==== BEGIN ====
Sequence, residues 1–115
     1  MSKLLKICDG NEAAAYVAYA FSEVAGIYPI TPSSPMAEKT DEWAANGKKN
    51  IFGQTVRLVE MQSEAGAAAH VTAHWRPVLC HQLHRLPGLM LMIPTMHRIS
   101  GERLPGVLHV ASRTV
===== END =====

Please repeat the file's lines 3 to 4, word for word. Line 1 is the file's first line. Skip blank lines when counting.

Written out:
    51  IFGQTVRLVE MQSEAGAAAH VTAHWRPVLC HQLHRLPGLM LMIPTMHRIS
   101  GERLPGVLHV ASRTV